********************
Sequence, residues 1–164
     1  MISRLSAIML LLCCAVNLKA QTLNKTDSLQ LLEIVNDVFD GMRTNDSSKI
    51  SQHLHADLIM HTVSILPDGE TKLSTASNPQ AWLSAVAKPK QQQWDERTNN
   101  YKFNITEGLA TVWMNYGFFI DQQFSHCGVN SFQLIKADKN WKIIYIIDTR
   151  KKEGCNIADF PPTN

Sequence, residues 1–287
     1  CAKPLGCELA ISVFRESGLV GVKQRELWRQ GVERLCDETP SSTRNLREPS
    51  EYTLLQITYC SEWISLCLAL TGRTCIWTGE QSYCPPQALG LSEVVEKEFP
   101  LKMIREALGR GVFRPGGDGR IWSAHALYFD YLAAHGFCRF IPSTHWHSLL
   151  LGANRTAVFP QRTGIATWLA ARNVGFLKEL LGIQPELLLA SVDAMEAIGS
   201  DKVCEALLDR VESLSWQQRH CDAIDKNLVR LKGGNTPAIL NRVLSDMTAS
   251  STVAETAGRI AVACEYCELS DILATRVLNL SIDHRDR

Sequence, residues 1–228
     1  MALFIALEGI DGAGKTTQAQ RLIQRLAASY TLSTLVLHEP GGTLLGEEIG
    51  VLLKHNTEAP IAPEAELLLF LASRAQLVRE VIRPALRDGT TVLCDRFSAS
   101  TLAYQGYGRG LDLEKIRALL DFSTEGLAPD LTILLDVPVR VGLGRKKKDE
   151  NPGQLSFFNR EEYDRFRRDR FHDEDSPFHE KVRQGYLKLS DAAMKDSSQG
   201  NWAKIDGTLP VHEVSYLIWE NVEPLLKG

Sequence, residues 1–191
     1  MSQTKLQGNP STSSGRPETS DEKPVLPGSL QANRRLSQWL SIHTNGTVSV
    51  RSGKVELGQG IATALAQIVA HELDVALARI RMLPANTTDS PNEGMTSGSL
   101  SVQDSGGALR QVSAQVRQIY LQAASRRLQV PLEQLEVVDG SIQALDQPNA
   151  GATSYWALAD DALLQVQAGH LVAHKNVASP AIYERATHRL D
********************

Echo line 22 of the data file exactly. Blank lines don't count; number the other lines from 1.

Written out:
   101  SVQDSGGALR QVSAQVRQIY LQAASRRLQV PLEQLEVVDG SIQALDQPNA